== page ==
Virginia science bill sent to courts subcommittee

A bill that would encourage Virginia students to explore controversial scientific topics was referred Thursday to a House committee for Courts and Justice, where any constitutional concerns can be analyzed.

The bill, which was sponsored by Del. Richard P. Bell (R-Staunton), has met opposition from science teachers and other advocates for the separation of church and state who say it would invite challenges to mainstream scientific theories, including evolution and climate change.

More news about education

Loudoun considers ending Thomas Jefferson bus service

The county School Board may cut funding to transport students to the magnet high school in Fairfax County.

E-mail from Woodson High School to parents

E-mail from Woodson High School to parents

Following a series of suicides, the Woodson community is working to prevent more loss.

Parents seek action at Woodson High after suicides

Parents seek action at Woodson High after suicides

The Fairfax County school’s parents want to prevent more suicides after six student deaths in three years.

Read more

About 10 people spoke in opposition to the bill at the House subcommittee for Elementary and Secondary Education Thursday afternoon, said Seth Heald, vice chair of the Sierra Club’s Virginia Chapter and a graduate student studying energy policy and climate who attended the meeting.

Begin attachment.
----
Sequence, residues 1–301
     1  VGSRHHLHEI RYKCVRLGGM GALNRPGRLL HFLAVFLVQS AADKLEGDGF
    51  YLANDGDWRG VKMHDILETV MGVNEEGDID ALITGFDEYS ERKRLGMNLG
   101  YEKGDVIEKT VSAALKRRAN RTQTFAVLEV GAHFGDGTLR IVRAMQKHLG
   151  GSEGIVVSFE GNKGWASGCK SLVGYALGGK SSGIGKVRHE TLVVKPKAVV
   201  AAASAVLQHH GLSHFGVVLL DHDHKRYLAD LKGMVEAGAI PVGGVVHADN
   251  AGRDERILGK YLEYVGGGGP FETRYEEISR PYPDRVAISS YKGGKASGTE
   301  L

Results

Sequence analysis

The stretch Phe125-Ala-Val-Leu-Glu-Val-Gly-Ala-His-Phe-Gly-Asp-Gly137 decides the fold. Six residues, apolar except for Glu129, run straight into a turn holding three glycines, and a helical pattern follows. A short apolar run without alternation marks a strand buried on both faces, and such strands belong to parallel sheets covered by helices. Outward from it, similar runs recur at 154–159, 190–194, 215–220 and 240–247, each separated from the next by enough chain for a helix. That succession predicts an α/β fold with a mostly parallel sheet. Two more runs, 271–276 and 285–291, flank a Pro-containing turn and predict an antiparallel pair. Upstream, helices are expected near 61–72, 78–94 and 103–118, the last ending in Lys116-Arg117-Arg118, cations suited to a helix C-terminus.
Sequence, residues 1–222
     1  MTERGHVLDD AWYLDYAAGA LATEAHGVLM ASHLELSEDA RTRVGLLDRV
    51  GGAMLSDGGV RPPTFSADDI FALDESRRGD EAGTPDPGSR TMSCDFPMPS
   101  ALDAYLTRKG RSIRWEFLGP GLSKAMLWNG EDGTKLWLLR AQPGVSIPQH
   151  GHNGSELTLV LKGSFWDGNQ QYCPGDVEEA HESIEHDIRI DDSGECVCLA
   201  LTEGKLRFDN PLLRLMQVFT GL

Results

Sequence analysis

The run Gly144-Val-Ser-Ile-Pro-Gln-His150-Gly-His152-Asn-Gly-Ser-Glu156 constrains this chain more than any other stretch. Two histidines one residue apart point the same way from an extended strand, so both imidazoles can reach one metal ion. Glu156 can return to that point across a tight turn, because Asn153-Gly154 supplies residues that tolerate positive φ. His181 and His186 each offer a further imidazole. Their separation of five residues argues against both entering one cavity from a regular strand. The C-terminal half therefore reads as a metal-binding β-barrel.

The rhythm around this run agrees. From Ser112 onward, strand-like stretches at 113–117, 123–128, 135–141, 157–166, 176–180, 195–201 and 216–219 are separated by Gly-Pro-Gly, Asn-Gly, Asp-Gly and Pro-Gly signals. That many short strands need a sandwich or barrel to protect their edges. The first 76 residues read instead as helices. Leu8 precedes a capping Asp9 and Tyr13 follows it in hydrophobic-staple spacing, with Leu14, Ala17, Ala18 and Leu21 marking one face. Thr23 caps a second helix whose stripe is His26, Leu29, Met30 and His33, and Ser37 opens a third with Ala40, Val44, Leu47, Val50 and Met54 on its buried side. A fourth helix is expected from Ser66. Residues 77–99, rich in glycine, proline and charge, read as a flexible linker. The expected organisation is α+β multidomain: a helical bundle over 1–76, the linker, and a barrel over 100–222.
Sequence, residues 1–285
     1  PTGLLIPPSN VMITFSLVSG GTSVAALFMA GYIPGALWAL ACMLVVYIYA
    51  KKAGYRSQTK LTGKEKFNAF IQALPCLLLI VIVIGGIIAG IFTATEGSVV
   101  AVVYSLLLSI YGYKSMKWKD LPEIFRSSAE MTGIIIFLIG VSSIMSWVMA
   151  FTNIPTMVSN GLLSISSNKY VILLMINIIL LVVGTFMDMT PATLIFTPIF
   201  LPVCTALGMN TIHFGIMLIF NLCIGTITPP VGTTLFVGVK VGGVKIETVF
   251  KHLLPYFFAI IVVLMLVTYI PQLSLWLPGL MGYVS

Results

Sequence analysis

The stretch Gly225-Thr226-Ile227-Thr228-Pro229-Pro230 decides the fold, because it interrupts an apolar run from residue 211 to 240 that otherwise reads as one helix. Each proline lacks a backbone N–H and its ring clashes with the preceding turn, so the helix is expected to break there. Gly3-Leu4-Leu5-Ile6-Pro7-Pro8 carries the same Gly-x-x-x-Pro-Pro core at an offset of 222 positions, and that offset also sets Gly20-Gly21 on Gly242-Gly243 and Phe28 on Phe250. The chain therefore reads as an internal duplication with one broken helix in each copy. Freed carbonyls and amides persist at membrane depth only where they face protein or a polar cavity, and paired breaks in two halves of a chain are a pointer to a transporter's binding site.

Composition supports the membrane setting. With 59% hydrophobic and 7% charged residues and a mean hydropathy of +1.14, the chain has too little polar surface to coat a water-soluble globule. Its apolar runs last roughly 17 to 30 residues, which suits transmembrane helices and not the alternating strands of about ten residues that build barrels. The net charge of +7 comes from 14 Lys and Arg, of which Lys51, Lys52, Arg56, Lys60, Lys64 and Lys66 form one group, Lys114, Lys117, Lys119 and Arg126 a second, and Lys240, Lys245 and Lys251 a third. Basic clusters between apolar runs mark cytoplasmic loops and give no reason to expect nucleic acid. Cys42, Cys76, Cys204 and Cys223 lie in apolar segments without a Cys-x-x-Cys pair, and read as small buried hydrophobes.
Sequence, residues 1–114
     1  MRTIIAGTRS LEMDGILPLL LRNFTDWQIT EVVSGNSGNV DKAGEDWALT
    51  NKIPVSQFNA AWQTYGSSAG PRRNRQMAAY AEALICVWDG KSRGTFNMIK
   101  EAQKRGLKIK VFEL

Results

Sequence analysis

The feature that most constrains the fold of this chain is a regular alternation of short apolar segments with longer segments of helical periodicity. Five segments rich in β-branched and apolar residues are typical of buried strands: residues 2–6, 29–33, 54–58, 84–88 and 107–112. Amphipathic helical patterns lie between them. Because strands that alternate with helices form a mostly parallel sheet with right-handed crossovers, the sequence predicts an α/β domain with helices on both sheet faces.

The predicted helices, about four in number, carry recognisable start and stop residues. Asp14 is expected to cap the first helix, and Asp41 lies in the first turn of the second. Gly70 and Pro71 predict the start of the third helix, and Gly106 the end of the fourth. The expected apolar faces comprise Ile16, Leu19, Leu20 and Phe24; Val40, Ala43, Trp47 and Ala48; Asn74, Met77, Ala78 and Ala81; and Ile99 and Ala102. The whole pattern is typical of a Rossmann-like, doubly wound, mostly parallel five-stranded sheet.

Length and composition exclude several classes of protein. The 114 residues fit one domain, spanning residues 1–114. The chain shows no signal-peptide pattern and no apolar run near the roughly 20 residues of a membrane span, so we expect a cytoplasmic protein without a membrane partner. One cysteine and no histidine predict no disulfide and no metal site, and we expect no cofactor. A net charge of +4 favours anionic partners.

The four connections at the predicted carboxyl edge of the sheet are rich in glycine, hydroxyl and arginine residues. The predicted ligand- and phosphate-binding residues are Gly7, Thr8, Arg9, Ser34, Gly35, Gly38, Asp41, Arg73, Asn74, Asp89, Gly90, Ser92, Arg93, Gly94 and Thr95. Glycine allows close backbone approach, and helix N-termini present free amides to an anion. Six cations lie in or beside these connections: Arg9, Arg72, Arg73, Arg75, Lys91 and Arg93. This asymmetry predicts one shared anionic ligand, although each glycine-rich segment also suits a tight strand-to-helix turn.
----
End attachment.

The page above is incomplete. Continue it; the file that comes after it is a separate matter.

It was a “dramatic” scene, he said, with some opponents invoking the 1925 Scopes trial, in which a public school teacher was accused of breaking the law by teaching about evolution.

Historic efforts to ban the instruction of evolution in public schools or teach biblical creationism have been struck down by the Supreme Court.

The language of the Virginia bill is similar to bills passed in Tennessee and Louisiana. It’s very broad and states its provisions are not intended to promote or discriminate against any religion. The Virginia bill also does not single out scientific “controversies.”

“We have not had a court case on these statutes,” said Glenn Branch, deputy director of the National Center for Science Education, which has tracked major cases about creationism and evolution, and opposes the bill.

“It’s not clear they would not survive constitutional scrutiny,” he said.

Read what others are saying

    Man killed in Loudoun crash